Dispatches from the Desk: A Long and Wandering Road, But Progress

Well, it’s been a while since I posted anything on the blog, and March being the start of a new year (at least it feels that way to me once the snow starts melting and the sap starts running — an important psychological year-mark even though I only own one sugar maple and don’t tap it), be it hereby resolved, I am going to post on the blog more often. I’m aiming for once a month. Go ahead and subscribe by email or the RSS feed thingummy [technical term] to get notifications of posts, if you will, and/or follow me on Twitter. I tend to be on Twitter a lot; it’s my home for virtual Marakander coffee-house socialization and I enjoy it, so why not try to bring some of the same approach to the blog, I said to myself this morning. Rather than feeling guiltily that I need to somehow scrounge time from writing whatever book it is I am presently writing in order to compose a long and thoughtful essay, I’m going to aim for some sort of monthly blog post of news and progress and reflections.

So here I am, and here we are, and what have I been up to lately? Well, The Lady came out in December. It’s the second volume of Marakand, completing the story begun in The Leopard. Marakand can be read as a sequel to Blackdog, or as a standalone, since although the histories are connected, the focus of the two is different. With that out and launched upon the seas of fate (go buy it, go read it, and give it lots of love in reviews . . . I, like every author, beg you — because that really helps), I’ve carried on with my current project, which is another book set in the same world.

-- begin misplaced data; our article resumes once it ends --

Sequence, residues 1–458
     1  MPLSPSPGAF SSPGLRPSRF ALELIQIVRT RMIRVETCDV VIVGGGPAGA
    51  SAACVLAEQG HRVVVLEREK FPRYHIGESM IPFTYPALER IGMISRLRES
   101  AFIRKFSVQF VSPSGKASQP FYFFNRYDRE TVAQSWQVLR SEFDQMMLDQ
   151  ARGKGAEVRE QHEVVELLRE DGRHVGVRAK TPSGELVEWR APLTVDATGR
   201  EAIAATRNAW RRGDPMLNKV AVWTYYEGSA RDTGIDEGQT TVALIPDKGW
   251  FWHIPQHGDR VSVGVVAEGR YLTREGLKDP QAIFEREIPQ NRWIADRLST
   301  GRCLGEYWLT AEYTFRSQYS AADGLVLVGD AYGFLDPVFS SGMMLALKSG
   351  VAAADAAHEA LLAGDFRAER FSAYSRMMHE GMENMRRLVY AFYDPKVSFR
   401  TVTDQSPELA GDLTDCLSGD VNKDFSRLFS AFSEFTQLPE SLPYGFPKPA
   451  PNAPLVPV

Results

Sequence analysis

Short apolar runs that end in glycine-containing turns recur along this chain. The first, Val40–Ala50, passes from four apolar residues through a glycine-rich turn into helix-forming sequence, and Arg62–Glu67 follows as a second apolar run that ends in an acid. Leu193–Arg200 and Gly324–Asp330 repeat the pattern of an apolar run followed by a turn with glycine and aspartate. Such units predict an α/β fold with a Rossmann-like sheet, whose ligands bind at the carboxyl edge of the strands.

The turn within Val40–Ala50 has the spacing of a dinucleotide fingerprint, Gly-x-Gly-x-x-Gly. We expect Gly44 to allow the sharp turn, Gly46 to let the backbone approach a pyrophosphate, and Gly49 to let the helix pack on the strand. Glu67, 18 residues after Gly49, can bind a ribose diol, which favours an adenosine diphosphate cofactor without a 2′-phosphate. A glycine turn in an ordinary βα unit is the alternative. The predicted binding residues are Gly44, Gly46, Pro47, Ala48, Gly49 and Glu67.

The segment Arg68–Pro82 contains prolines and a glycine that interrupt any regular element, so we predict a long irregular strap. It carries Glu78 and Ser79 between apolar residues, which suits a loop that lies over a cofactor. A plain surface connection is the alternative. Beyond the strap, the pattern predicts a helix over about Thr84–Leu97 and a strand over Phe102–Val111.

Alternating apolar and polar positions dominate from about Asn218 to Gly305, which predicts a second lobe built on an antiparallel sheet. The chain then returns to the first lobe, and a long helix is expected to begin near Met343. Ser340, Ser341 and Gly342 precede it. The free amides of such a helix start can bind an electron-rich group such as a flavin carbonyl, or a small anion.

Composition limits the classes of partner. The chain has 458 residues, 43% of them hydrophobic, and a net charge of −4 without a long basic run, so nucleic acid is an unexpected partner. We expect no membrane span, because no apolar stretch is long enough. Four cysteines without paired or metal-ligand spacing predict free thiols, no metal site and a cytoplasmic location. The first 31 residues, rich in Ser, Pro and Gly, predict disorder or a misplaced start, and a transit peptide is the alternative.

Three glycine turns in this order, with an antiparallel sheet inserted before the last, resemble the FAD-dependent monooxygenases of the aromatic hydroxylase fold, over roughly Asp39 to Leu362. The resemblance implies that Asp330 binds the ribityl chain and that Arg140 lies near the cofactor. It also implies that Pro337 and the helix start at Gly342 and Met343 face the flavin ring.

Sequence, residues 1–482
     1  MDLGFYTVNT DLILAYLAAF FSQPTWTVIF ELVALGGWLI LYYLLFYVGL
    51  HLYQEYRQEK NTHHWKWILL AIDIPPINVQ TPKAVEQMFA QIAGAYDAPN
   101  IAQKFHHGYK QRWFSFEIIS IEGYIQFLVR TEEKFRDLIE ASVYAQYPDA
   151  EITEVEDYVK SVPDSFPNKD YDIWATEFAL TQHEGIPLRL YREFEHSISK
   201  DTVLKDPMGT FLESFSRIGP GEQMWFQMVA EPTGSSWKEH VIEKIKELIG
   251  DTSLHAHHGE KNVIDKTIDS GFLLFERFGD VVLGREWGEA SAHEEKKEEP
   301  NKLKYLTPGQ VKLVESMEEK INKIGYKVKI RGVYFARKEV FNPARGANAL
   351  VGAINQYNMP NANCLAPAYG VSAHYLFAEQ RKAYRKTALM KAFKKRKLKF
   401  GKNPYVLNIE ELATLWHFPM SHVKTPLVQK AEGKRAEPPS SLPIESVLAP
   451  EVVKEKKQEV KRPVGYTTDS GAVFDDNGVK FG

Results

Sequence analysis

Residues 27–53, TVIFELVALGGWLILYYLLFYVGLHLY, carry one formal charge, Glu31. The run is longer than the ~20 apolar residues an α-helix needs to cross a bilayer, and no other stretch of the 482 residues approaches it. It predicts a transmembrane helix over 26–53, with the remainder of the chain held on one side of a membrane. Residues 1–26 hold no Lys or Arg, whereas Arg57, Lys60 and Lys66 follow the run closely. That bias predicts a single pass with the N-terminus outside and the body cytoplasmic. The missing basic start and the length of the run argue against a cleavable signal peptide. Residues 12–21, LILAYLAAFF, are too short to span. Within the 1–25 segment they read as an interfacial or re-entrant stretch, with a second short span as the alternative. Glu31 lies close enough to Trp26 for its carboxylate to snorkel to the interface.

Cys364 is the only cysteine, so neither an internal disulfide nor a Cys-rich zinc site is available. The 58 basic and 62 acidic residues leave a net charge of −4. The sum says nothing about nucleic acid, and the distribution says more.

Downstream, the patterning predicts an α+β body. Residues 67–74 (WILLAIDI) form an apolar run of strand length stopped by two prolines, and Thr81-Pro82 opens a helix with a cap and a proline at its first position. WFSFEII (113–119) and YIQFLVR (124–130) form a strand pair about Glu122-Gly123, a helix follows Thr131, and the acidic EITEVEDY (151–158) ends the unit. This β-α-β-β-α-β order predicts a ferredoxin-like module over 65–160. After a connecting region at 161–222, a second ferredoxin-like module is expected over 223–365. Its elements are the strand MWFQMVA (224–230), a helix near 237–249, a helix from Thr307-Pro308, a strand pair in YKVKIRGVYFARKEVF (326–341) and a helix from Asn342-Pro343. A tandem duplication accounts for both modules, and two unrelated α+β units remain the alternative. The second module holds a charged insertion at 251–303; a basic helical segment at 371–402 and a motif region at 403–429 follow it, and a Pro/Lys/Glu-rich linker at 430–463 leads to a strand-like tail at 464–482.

How’s it going? Well . . . it’s been a long and wandering road. There was one element of the story, a very difficult psychological journey for a character, that took much thought and revision to get right. I couldn’t seem to get on with the external plot and the main characters’ external struggles, until I (and that one character) had mastered the internal one. You remember the old “themes” we were taught back in elementary school? In those days all stories were labelled as either “man against man”, “man against nature”, or “man against himself”? This one is definitely having two parallel stories happening, and one of them is “man against himself”. Those over-simplified “themes” are found in varying proportions in most stories, but in this case, getting right this story of a man struggling to survive the aftermath of great psychological trauma — shellshock, PTSD . . . in his world they would say he has been wounded in his soul — really dominated my work on this book for many months, to the point where in the end I concentrated on writing that one character’s story (and that of his partner which is necessarily closely entwined with his own and is in fact the warp thread of the book, the spine of the story), while leaving the strands of three other important people and the larger plot of external enemies, civil war, and stuff you’re going to have to wait for the book to learn about, for later.

But now, having finally written that strand of this polyphonic plot to my satisfaction, I am at the stage of going back to write the parallel-and-interwoven external story. “Man against . . .” what was that conversation Ahjvar and Ghu had in The Lady?

“Who are we fighting?”
“You and I? Mostly everyone . . .”

About K.V. Johansen

The author of Blackdog, The Leopard, The Lady, Gods of Nabban, and The Last Road epic fantasies from Pyr, I also write for teens and children, including the "Torrie", "Warlocks of Talverdin", and "Cassandra Virus" series, and the "Pippin and Mabel" picture books, as well as a couple of short story collections and two works of adult literary criticism on the history of children's fantasy literature. I have a Master's degree in Mediaeval Studies, and read a lot of fantasy, science fiction, and history. Blog at thewildforest.wordpress.com
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